Avian gyrovirus 2 DNA in fowl from live poultry markets and in healthy humans, China.
So far, little is known about AGV2 in mainland China among chickens and humans. Because live poultry market (LPMs) play a critical role in the transmission of poultry pathogens to humans, we used PCR to investigate the presence of AGV2 in chickens (54 feather shaft samples) from 4 LPMs in Yangzhou and in 178 human blood samples from healthy persons living in Yangzhou. The DNA from the feather shafts and human blood were extracted as previously described (8). PCR was performed by using the following 2 primers: AGV2_F 5'-CGTGTCCGCCAGCAGAAACGAC-'3 and AGV2_R 5'-GGTAGAAGCCAAAGCGTCCACGA-'3. The PCR targets partial VP2 and VP3 genes that have an expected size of 346 bp. The parameters of the PCR were as follows: 1 cycle at 95[degrees]C for 5 min; then 30 cycles at 94[degrees]C for 30 s, 64[degrees]C for 30 s, and 72[degrees]C for 30 s; and 1 cycle at 72[degrees]C for 10 min. PCR showed that a band with the size of [approximately equal to]346 bp could be amplified in 10 of 54 chicken feather samples and in 2 of 178 human blood samples.
We confirmed the AGV2 specificity of these PCR-amplified bands by direct sequencing using the Sanger method. The sequence assay showed that the 12 sequences identified here had 98.3%-100% homology to each other and 92.2%-99.1% aa identity to AGV2 samples previously deposited in GenBank (see Figure legend for accession numbers). The positive rates for samples from the 4 LPMs tested were 25%, 12.5%, 15.8%, and 20%; the positive rate for the 178 human blood samples was 1.1%. The low positive frequency of AGV2 in human blood detected in this study is consistent with that found by investigation in other countries (3,4). Because the limit of detection of PCR in this study was estimated to be 2.7 copies of AGV2 DNA using dilutions of a plasmid with partial AGV2 sequence, we determined that the copy number of AGV2 in the 2 positive human blood samples was 2.7 x [10.sup.3] copies/mL plasma.
We also constructed a phylogenetic tree using the neighbor-joining method (1,000 bootstrap replications) with MEGA6 (9). The tree analysis revealed that the 12 AGV2 isolates we identified and 7 AGV2 isolates from GenBank clustered into 2 subgroups on the basis of the PCR amplified fragment (Figure). The 12 AGV2 sequences we identified clustered together with gyrovirus sequences detected in ferret and human samples in subgroup I, and the prototype sequence Ave3 was located in subgroup II. The 12 AGV2 showed -92.2%-93% aa identity to Ave3, and <99.1% homology with isolates CL33, G13, and 915F06007 detected in ferret and human samples. The 12 AGV2 sequences also showed [approximately equal to]93%-93.9% identities to ACV2 sequence that was previously identified in human fecal samples from mainland China (GenBank accession no. JQ690763). The China sequence also clustered with Ave3 in subgroup II. These findings indicate that [greater than or equal to]2 subgroups of AGV2 are circulating in mainland China.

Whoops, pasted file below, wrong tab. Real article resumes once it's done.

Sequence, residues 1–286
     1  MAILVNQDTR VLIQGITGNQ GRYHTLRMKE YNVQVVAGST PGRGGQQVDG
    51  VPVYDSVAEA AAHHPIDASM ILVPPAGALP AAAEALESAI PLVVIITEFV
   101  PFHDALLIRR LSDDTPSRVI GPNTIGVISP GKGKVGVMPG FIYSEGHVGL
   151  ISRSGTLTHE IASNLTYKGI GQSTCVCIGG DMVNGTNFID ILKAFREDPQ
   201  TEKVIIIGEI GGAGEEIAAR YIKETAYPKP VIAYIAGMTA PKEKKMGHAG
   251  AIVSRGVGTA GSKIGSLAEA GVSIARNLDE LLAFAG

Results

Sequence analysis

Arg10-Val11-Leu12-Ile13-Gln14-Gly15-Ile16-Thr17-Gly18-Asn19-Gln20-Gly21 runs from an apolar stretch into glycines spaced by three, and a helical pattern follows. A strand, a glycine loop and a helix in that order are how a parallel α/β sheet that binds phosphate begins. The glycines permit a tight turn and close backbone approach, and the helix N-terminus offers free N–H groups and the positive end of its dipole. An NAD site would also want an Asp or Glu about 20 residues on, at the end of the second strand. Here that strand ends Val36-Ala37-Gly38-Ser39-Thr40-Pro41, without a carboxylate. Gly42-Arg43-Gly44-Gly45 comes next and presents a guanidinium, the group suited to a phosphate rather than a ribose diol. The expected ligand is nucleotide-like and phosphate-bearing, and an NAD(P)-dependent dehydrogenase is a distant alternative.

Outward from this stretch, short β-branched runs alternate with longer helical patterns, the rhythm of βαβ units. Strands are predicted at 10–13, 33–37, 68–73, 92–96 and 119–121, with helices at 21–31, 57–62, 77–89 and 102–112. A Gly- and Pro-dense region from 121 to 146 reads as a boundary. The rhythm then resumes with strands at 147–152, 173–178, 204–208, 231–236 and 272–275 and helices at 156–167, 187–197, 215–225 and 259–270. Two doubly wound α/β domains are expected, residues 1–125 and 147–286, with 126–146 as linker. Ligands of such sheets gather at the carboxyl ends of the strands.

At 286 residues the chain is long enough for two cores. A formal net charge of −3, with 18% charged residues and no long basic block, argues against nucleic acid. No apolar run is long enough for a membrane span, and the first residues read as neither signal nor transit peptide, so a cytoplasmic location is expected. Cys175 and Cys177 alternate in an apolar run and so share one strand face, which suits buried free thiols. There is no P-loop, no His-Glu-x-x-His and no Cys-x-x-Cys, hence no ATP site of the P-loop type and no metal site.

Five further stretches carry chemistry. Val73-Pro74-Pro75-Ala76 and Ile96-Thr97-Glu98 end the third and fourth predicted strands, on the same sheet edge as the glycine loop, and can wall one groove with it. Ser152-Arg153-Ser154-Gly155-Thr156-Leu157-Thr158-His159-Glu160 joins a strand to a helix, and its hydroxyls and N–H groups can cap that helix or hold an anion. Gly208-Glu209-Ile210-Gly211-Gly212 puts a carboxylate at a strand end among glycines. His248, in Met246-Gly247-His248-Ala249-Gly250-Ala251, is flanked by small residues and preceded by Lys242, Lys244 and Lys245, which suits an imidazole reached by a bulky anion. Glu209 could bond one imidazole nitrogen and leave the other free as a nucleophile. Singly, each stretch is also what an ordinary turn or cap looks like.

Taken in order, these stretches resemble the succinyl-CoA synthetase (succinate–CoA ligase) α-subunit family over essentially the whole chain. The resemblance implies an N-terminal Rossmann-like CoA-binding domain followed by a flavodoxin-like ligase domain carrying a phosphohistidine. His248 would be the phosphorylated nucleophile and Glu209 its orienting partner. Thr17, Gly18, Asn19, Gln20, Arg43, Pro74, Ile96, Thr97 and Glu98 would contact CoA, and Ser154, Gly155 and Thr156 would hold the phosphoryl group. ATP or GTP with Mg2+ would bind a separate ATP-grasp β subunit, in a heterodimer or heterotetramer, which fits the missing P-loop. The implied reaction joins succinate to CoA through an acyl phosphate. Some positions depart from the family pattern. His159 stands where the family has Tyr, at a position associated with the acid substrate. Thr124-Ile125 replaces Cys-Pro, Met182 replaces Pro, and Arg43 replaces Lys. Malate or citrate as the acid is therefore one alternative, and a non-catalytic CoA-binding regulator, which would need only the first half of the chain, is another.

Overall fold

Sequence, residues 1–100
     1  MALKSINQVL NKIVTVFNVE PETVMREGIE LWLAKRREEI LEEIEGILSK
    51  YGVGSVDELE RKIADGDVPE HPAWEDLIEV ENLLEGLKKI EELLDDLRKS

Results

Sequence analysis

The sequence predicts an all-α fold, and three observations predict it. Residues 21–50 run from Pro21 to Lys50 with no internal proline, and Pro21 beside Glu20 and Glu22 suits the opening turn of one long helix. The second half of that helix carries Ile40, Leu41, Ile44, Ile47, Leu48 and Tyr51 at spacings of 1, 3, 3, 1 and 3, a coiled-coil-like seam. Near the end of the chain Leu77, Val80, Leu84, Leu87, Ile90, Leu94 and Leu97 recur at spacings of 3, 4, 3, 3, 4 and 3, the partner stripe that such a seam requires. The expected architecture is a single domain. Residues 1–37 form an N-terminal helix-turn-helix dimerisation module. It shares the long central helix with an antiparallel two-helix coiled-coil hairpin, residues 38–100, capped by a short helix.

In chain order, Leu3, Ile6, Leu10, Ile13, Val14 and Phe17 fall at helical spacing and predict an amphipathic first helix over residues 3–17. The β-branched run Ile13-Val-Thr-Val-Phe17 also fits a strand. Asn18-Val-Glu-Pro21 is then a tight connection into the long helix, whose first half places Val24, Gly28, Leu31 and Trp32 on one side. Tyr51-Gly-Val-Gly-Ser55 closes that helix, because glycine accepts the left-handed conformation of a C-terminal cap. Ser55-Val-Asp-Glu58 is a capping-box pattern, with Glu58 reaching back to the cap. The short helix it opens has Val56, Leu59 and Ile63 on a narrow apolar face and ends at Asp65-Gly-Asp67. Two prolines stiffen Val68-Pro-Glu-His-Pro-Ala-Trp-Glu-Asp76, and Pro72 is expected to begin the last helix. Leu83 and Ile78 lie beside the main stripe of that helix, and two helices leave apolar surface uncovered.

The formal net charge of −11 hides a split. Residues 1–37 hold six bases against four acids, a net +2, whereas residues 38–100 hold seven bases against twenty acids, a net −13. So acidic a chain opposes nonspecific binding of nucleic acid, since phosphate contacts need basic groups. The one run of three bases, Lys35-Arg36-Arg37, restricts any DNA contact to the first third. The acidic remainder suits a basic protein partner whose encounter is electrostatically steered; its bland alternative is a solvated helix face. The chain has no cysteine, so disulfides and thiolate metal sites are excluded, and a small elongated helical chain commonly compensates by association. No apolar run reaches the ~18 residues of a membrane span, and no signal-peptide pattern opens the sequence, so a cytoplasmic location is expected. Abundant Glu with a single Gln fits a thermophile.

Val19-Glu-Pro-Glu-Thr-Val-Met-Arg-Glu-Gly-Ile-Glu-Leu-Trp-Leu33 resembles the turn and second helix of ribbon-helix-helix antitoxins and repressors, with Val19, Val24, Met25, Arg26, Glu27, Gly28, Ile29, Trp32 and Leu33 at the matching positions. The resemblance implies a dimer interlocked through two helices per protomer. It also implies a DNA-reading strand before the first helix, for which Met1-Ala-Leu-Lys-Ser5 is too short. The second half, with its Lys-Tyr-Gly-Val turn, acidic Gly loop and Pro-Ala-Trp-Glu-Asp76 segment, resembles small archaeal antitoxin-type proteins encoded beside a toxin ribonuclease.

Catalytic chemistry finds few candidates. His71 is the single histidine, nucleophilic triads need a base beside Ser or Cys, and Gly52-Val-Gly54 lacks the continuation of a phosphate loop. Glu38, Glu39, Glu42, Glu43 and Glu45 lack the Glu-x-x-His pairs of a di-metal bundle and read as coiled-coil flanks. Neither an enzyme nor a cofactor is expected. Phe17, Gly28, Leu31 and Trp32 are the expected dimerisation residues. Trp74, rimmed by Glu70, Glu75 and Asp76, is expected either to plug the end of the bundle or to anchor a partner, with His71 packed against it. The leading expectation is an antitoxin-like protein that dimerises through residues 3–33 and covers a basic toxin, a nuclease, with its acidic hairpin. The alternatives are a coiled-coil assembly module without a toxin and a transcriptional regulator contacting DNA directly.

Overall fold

Our results demonstrate the presence of AGV2 in LPMs and human blood in mainland China. The amplification and analysis of partial AGV2 sequences was the major limitation in our method. The high homology between sequences identified in LPMs and human blood indicates the LPMs are a potential source for AGV2 in humans. Unlike our 12 conserved AGV2, AGV2 identified by Santos et al. in southern Brazil varied <15.8%, and these variants of AGV2 were mainly detected in diseased chickens (8). However, little is known about the molecular epidemiology of these AGV2 variants in other countries. More recently, Varela et al. reported the detection of AGV2 in poultry vaccines, indicating the potential role of contaminated vaccines in the spread of AGV2 (10). Future studies should investigate the large geographic distribution of AGV2 and monitor the variants, the host range, and the associated diseases.
This work was supported by the National Natural Science Foundation of China (31402228), National College Student Innovation Training Project (201411117002), Key University Science Research Project of Jiangsu Province (14KJA230002), Jiangsu Province College Student Innovation training Projects (201411117002Z and 201411117056Y), and the Priority Academic Program Development of Jiangsu Higher Education Institutions.
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Address for correspondence: Jianqiang Ye, Yangzhou University, 12 Wenhui East Rd, Yangzhou, Jiangsu, 225009, China; email: email@example.com, firstname.lastname@example.org; email@example.com
Jianqiang Ye,  Xiaoyan Tian,  Quan Xie, Yu Zhang, Yuanzhao Sheng, Zhenwen Zhang, Chengming Wang, Hong Zhu, Yumeng Wang, Hongxia Shao, Aijian Qin
Author affiliations: Ministry of Education Key Laboratory for Avian Preventive Medicine and Key Laboratory of Jiangsu Preventive Veterinary Medicine, Yangzhou University, Yangzhou, China (J. Ye, X. Tian, Q. Xie, Y. Zhang, Y. Sheng, H. Zhu, Y. Wang, H. Shao, A. Qin); Jiangsu Co-innovation Center for Prevention and Control of Important Animal Infectious Diseases and Zoonoses, Yangzhou (J. Ye, Z. Zhang, C. Wang, H. Shao, A. Qin); College of Medicine, Yangzhou University, Yangzhou (Z. Zhang)
 These authors contributed equally to this article.
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|Author:||Ye, Jianqiang; Tian, Xiaoyan; Xie, Quan; Zhang, Yu; Sheng, Yuanzhao; Zhang, Zhenwen; Wang, Chengming|
|Publication:||Emerging Infectious Diseases|
|Date:||Aug 1, 2015|
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